Although the COVID-19 public health emergency has ended, employers still are dealing with the lingering effects of long COVID in the workplace. Until now, there may have been as many questions as answers about how to even define the illness. The RECOVER Initiative, funded by the National Institutes of Health, last week released results of a four-year, $1.15 billion study in JAMA. The research is expected to help standardize the definition of long COVID and have a significant impact on how the condition is diagnosed and studied, said Leora Horwitz, a physician and co-principal investigator for RECOVER.
The study, based on 9,764 participants, identified 12 symptoms of long COVID: Loss of smell or taste, Post-exertional malaise, Chronic cough, Brain fog, Thirst, Heart palpitations, Chest pain, Fatigue, Dizziness, Gastrointestinal symptoms, Issues with sexual desire or capacity, Abnormal movements (including tremors, slowed movements, rigidity or sudden, unintended and uncontrollable jerky movements)
NYS COVID Update
The Governor updated COVID data for the week ending June 2.
- Weekly: 42
- Total Reported to CDC: 79,670
- Average Daily Patients in Hospital statewide: 545
- Average Daily Patients in ICU Statewide: 59
7 Day Average Cases per 100K population
- 2.1 positive cases per 100,00 population, Statewide
- 2.5 positive cases per 100,00 population, Mid-Hudson
Behind Rise in Unemployment, Job Market Is Really Strong
May’s jobs report (above) looked confusing, with the unemployment rate jumping to 3.7% from 3.4% yet the number of jobs soaring. But the underlying data still show surprising strength. However, the household survey, from which the unemployment rate is derived, showed employment down 310,000.
Such divergences aren’t unheard of, and often result from differences in how the two surveys define employment. For example, the number of unincorporated self-employed and workers on unpaid absences, who aren’t counted in the payroll survey, fell sharply from a year earlier, while the number of people with more than one job rose sharply. When adjusted to the payroll definition, household employment was up 394,000, a very healthy figure.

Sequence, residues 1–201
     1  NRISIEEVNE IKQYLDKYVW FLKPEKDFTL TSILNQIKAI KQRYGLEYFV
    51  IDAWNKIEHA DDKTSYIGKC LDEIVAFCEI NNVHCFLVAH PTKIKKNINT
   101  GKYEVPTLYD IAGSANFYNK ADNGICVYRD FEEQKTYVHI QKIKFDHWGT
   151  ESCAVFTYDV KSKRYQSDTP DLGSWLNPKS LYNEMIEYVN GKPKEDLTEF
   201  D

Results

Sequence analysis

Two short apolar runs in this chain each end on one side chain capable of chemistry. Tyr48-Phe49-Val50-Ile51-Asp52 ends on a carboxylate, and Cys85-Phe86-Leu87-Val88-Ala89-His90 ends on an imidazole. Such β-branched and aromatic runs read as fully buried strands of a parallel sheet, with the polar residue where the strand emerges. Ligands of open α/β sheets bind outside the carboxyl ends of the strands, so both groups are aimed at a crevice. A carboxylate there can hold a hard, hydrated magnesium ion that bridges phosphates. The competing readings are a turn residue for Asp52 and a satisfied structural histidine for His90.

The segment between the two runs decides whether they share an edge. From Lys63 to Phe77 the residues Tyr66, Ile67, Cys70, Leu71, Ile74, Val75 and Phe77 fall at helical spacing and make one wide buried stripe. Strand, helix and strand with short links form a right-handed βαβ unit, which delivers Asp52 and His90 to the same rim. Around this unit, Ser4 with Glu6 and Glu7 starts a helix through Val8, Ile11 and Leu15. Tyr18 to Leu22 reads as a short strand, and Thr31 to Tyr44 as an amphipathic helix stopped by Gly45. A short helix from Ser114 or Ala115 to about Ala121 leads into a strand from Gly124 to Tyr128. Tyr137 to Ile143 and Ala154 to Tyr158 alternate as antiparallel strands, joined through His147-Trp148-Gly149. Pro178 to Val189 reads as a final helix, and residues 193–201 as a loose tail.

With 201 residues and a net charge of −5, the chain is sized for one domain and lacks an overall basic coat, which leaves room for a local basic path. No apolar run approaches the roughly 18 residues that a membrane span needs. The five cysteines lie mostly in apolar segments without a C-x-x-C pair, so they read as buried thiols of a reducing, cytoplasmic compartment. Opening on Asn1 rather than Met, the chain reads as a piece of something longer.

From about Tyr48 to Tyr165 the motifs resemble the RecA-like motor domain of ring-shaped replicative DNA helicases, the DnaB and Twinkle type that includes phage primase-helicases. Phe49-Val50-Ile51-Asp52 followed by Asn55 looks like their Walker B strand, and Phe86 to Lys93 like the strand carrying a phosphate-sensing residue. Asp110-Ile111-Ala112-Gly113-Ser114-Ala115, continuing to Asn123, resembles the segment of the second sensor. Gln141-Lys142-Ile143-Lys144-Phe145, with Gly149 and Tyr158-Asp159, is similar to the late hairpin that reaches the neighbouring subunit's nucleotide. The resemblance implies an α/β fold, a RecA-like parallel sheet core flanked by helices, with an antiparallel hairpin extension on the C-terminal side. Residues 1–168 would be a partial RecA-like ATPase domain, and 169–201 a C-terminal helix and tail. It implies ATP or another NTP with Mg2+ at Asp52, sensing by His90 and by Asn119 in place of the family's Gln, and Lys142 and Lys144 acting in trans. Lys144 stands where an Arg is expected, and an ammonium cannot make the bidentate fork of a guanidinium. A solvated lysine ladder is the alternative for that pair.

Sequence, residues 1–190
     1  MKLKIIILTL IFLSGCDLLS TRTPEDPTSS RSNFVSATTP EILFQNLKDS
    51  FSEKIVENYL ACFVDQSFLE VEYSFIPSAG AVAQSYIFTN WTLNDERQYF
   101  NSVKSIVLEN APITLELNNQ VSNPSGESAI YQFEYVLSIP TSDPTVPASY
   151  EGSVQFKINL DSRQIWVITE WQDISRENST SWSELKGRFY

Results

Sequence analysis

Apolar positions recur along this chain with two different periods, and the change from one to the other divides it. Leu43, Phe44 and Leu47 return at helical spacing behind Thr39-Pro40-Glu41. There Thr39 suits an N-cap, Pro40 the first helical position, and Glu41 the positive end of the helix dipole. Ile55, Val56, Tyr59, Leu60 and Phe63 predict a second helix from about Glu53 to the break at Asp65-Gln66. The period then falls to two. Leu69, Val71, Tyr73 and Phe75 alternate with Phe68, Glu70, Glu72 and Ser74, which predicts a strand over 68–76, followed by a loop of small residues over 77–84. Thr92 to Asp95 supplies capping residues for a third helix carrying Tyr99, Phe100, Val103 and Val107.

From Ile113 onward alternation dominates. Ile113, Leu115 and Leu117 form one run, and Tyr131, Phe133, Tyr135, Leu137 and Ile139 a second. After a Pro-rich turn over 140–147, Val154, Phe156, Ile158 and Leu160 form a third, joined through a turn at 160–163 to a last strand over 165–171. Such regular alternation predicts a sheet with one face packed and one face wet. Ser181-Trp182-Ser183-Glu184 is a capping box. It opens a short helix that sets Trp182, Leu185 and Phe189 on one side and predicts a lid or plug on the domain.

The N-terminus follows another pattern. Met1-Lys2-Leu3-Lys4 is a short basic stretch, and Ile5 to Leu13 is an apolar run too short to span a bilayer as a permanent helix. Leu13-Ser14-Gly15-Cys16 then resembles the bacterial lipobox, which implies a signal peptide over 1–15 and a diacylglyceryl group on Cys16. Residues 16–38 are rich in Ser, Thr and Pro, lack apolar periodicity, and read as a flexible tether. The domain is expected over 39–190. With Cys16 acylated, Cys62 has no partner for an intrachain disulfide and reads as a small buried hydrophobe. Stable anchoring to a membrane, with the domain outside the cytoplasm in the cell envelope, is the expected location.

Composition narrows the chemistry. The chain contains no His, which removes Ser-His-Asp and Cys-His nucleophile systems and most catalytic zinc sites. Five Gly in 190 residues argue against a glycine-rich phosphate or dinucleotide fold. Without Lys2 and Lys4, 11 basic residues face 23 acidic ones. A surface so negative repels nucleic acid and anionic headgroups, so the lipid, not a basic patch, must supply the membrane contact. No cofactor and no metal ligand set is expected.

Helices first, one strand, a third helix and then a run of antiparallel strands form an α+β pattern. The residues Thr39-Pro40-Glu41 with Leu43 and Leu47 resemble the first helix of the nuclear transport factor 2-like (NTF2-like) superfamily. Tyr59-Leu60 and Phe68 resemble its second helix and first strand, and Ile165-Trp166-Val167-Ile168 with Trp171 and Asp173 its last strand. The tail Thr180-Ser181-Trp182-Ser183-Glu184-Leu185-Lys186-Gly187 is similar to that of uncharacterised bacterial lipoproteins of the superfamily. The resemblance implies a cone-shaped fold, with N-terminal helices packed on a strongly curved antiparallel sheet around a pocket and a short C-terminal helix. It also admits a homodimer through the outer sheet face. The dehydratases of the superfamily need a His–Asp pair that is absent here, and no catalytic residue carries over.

NFIB Jobs Report: Small Businesses Have Record High Levels of Job Openings
According to NFIB’s monthly jobs report, 44% (seasonally adjusted) of all owners reported job openings they could not fill in the current period, down one point from April but still 20 points higher than the 49-year average reading. The percent of owners reporting labor quality as their top small business operating problem remains elevated at 24% and 10% of owners reported labor costs as their single most important problem.
Small business owners’ plans to fill open positions remain elevated with a seasonally adjusted net 19% planning to create new jobs in the next three months, up two points from April. Overall, 63% reported hiring or trying to hire in May. Of those hiring or trying to hire, 89% of owners reported few or no qualified applicants for the positions they were trying to fill. Thirty-one percent of owners reported few qualified applicants for their open positions and 24% reported none.
Comptroller Concerned as State Tax Collections are Far Below Projections
We are now more than a month and a half into the new NYS fiscal year, and NYS Comptroller Thomas DiNapoli has some concerns. A big part of the problem -- personal income tax collections. In April those totaled $7.5 billion, 49.4% below last year. A decline had been expected the Comptroller says, but not that big of a drop.
Earlier this month DiNapoli reported that "state tax collections in April totaled just over $10.9 billion, a $7.2 billion, or 39.9%, decrease from last April, and $4.4 billion lower than projections in the Division of the Budget’s 2024.
The U.S. and Europe Are Entering a New Trade Era